Through Oneview, patients and families will be able to see information about members of their treatment team, review daily goals, access educational materials and videos, enjoy entertainment options, see what activities are happening in the hospital, and much more. Oneview can be accessed through the touchscreen computer on the patient’s bedside table or through the TV.

Patients can personalize the Oneview screen by uploading their own photos. Oneview will also allow patients to order meals and snacks customized to their dietary needs.

On Levels 9, 10, and 11, the patient TV will be located on the footwall. In the PCICU and PICU, the TV will be located on the boom near the patient’s bed. There will not be patient TVs in the NICU.

Drew’s Lamp: Located on the footwall, this lighting feature will be available in all patient rooms except NICU rooms. Drew’s Lamp is a custom lighting feature inspired by a former patient that can provide entertainment and distraction. It will feature seven lights; patients can determine which colors are displayed. Drew’s Lamp will give patients control over the lighting in their room.

“Good night” lights: When patients choose to rest, a member of the care team can flip a switch to the “good night” setting. This setting turns off lights in the patient zone and activates two small red lights. The red lights do not prevent patients from sleeping. They do, however, provide enough light for the care team to perform their tasks. These lights help promote patient rest, enhancing healing.

Care Team Zone

The care team zone is designed with efficiency, quality care, and patient safety in mind. This area will be located along the headwall in most inpatient rooms, near the door to the hallway. All the components used by the care team will be integrated into the headwall system on Levels 6, 9, 10, and 11. Locations for the sink, disposables containers, and hand sanitizer will be the same from room to room, increasing efficiency and patient safety. 

Sink: The design of each sink plays a key role in infection prevention. Sinks will have automated sensors so care team members will no longer need to touch handles to turn sinks on and off. In addition, the drain is offset from the faucet to reduce splashing when the faucet is turned on. Other measures to reduce splashing include an angled spout and a curved ridge above the basin along the front of the sink. Reducing splashing helps combat the spread of infection.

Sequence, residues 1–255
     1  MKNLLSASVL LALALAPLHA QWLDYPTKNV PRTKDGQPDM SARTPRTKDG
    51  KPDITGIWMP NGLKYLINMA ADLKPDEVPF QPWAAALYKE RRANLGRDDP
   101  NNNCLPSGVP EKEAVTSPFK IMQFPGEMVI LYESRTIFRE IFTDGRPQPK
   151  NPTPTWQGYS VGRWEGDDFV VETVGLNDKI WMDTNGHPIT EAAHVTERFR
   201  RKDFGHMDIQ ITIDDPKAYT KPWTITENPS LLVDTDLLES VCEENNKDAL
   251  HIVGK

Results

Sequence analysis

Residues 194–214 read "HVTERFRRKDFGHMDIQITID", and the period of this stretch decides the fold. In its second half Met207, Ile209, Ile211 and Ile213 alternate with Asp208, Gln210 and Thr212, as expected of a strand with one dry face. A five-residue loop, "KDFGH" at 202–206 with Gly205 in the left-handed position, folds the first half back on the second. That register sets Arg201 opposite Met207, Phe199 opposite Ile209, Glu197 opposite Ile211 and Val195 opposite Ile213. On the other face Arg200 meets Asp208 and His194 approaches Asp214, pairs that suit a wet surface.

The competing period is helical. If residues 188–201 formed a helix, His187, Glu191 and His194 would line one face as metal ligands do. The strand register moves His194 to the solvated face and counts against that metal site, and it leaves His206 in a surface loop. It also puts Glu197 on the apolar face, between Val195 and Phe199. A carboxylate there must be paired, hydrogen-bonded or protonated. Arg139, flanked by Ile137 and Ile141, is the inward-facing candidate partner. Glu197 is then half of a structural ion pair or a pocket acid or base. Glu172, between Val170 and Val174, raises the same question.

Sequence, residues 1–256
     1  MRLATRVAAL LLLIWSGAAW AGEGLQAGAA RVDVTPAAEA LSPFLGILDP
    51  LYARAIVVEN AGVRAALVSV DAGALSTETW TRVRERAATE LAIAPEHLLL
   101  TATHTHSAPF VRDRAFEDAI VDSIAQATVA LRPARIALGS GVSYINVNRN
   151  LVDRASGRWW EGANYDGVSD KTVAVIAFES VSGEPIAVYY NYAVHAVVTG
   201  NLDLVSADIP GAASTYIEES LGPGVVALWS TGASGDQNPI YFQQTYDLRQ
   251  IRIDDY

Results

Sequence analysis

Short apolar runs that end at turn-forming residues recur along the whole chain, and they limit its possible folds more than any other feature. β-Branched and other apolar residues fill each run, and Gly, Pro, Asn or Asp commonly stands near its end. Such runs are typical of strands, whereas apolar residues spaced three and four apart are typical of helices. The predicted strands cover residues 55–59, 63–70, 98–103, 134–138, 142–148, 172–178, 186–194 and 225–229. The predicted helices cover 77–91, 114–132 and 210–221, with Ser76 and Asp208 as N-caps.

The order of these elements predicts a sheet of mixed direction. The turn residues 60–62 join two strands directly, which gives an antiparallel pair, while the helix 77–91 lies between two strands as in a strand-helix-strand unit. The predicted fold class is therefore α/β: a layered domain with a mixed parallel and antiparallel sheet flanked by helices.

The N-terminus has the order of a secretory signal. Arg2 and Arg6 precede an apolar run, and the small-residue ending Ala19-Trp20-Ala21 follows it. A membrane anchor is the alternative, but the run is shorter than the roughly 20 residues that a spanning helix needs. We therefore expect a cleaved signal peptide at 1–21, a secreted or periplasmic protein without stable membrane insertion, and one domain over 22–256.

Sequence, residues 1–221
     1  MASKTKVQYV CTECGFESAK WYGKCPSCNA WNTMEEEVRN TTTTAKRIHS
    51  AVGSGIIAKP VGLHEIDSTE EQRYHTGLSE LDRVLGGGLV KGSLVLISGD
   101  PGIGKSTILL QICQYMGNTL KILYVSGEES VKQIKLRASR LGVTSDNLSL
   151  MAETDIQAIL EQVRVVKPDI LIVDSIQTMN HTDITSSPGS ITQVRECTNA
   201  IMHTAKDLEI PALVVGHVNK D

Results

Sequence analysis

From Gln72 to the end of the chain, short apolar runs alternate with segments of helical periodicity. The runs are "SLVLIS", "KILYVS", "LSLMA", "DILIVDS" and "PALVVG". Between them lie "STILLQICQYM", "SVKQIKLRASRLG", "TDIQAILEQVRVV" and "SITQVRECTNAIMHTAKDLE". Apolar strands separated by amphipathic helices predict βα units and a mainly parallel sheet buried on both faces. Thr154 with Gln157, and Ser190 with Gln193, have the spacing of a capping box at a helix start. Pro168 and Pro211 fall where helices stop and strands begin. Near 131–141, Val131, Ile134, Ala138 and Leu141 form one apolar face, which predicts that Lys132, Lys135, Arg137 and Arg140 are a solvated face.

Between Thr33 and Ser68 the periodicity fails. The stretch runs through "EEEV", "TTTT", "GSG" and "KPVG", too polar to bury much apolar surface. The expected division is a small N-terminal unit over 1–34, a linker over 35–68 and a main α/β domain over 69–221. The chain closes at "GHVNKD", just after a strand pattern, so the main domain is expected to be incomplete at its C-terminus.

Headwall design: The headwall will include a patient monitor, bedside computer, label printer, nurse call system, and other equipment needed to monitor and document patient care. The headwall configuration, designed with input from nurses, will provide efficient and easy access to essential equipment and medical gases. This design facilitates and supports safe patient care.  

Linen and trash carts: In most rooms, soiled linen and trash carts will be located near the entrance to patient rooms. Hospital employees can roll these carts out easily to empty them. In the PCICU and PICU, sinks, trash, and linen carts will be located on a small footwall All other items needed by the care team will be located on the boom.

Bathroom: In most rooms, the bathroom will be inboarded, or located at the front of the room, near the entrance. In the PCICU and PICU, bathrooms will be outboarded, meaning they are located at the rear of the room, near the family zone. This design will allow clear sliding doors to be installed at the entrance to each room, giving the care team a clear line of sight to patients. The doors also will make it easier to move equipment in and out of rooms as needed.